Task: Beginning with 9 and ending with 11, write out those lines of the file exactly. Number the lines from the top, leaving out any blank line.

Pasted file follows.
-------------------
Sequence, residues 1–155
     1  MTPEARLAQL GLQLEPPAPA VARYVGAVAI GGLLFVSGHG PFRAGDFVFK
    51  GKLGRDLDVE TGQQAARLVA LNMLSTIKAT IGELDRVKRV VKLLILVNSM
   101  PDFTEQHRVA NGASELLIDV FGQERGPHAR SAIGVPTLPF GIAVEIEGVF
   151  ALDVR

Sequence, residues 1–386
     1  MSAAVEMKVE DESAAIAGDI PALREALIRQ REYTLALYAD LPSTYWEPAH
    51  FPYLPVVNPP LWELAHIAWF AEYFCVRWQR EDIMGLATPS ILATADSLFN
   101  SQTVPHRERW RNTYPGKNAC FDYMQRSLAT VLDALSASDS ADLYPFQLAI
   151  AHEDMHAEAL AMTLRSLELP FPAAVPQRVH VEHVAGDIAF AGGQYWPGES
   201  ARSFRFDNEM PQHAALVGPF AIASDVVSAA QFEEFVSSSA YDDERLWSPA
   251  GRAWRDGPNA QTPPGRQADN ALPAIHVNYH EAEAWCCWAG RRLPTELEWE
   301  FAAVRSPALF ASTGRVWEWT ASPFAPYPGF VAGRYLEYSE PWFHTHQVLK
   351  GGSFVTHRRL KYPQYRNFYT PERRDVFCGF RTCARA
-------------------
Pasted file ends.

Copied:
   101  SQTVPHRERW RNTYPGKNAC FDYMQRSLAT VLDALSASDS ADLYPFQLAI
   151  AHEDMHAEAL AMTLRSLELP FPAAVPQRVH VEHVAGDIAF AGGQYWPGES
   201  ARSFRFDNEM PQHAALVGPF AIASDVVSAA QFEEFVSSSA YDDERLWSPA